Key broke in ignition

My key broke off deep in the ignition and I can’t get it out. I took off the dash cover and can see the ignition assembly but don’t know how to get the tumbler out to replace or fix it. 1990 4runner.

Will the lock still turn? Can you drive the car?

the lock won’t turn and i can’t drive the vehicle; it is at home and i don’t really want to have it towed. fortunately i have other transportation:)

Usually, you can still turn the ignition switch when the key breaks off. You can put a screw driver in the key slot and turn the switch. If you can do this, you can, then call a locksmith and tell him you will take the car to him (to avoid the dispatch charge most of them charge). The locksmith has a tool which can extract broken keys. (They might not want people to know that there is such a tool.)

You can try using a hacksaw blade to remove the broken key.

Take the hacksaw blade and grind down the width of the blade to where there’s little of the blade left with the teeth. Also make sure the rake of the teeth on the blade point to the right. Insert the blade into the lock cylinder above the broken key and then pull the blade out. The teeth on the blade will grip the broken key and pull it out.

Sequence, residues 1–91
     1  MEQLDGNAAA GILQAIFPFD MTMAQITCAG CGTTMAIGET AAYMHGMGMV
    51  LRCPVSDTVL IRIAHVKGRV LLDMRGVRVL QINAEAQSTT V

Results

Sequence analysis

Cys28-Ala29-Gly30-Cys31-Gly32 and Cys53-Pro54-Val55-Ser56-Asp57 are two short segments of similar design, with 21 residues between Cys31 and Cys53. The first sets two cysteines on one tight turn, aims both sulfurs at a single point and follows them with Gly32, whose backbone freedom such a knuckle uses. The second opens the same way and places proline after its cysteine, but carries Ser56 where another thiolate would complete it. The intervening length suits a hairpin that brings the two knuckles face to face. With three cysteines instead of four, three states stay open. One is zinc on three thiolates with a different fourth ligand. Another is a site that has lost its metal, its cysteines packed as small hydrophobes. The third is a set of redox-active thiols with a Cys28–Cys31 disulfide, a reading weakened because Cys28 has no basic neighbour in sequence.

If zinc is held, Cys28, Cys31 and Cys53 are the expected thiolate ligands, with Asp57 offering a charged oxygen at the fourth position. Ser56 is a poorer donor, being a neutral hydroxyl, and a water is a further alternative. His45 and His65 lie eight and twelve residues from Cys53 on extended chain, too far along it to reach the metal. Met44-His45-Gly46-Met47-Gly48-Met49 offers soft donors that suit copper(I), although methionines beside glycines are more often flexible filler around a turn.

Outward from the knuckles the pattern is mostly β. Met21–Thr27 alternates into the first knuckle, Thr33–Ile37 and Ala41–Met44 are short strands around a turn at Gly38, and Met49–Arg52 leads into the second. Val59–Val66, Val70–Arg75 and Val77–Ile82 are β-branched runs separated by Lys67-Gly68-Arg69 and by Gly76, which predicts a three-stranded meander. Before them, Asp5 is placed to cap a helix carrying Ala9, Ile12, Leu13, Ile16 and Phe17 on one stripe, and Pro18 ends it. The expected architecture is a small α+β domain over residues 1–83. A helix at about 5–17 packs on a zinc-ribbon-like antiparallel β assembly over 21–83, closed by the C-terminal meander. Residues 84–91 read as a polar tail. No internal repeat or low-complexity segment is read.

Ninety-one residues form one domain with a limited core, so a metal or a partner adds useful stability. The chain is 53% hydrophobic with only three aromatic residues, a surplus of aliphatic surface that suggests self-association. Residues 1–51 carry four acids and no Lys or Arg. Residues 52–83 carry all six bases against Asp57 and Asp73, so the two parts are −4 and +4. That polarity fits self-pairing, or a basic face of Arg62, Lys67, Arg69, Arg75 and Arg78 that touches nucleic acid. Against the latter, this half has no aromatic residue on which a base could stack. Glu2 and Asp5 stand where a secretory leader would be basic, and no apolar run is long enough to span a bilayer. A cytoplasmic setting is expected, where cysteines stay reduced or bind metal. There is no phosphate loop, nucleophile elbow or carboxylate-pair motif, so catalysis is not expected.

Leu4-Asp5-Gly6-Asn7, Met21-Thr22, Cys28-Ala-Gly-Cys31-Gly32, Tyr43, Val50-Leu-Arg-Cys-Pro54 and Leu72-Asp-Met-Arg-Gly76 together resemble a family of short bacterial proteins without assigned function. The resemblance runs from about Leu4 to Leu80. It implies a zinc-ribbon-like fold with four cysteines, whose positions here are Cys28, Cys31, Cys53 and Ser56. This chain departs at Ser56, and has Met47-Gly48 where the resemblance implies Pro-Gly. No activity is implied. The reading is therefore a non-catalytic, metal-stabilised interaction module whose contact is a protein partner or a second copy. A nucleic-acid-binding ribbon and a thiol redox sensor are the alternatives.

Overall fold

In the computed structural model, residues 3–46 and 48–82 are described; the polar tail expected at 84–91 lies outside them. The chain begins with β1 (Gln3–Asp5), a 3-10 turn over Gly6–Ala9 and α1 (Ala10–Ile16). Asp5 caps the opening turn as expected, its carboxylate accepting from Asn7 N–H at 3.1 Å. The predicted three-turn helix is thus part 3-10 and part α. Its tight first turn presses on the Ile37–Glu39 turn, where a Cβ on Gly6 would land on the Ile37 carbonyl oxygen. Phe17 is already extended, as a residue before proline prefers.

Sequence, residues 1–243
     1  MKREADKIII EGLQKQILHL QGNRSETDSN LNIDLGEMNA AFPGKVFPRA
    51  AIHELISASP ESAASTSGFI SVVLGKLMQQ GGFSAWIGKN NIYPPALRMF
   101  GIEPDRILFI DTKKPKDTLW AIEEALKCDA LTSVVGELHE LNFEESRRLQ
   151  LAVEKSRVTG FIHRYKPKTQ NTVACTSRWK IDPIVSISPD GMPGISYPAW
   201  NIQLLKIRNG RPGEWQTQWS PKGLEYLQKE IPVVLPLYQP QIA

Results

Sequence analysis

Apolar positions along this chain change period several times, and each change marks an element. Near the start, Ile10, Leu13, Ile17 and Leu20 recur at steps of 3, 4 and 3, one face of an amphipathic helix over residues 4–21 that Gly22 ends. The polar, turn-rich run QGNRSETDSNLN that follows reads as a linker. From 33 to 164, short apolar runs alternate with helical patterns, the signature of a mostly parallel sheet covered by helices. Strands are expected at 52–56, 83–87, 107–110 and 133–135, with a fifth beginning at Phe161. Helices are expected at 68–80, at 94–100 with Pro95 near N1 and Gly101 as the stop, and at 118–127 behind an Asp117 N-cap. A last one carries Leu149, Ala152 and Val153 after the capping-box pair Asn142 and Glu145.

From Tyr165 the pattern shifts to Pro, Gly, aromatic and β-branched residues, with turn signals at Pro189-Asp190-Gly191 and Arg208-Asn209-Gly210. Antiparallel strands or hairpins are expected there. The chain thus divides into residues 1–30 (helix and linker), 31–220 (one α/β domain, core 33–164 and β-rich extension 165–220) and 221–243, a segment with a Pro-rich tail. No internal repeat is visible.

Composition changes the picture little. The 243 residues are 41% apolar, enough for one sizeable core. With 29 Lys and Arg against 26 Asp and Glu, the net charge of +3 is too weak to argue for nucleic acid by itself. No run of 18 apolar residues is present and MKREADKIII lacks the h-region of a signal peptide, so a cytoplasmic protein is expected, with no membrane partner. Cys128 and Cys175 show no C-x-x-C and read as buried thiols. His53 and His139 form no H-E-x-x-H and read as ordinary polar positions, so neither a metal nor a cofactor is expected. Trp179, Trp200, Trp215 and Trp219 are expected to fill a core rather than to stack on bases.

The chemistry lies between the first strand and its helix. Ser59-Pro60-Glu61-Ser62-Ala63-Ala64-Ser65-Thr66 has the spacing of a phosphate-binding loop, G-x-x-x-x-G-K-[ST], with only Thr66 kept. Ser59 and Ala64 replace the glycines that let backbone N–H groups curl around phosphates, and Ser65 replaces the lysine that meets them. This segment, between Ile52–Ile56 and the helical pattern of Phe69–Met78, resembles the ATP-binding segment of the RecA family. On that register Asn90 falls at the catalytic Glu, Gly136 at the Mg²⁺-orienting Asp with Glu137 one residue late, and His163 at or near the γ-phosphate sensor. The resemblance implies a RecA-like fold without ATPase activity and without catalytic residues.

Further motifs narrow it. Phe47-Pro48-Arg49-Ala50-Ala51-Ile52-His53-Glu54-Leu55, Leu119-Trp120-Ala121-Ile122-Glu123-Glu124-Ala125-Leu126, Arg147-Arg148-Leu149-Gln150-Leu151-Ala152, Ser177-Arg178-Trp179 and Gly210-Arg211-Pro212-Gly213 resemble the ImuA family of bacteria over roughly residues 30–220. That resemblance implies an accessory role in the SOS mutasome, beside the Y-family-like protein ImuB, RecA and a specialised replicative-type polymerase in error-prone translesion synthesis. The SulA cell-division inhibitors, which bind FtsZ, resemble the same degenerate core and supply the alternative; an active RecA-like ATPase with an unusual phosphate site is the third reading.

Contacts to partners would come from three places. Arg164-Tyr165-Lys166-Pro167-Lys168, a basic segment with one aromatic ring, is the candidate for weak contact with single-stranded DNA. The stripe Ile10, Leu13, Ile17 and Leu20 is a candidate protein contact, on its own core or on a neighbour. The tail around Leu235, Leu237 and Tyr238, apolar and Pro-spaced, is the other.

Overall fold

The locksmith who eventually comes to your house to fix the lock will charge you double if there is a hacksaw blade broken off in there too…Mobile locksmiths are surprisingly reasonable as long as they don’t have to deal with butchery…

I have a friend who’s a locksmith. And he showed me the trick of either using a hacksaw blade or a coping saw blade to remove broken keys from cylinders.


Anyone who is able to break a key off in a lock is SURELY able to snap off a rather delicate, ground down hacksaw blade…Since the lock will not turn, I suspect it’s jammed up pretty good…These operations have a way of degrading down to the 1/2" drill very quickly…:slight_smile:

I have used that method successfully several times. Hacksaw blades are springy and hard to break. The “tool” I made several years ago is narrower than the broken-off key and only has teeth on one side. After all, you only want to grip the soft brass key, not the lock.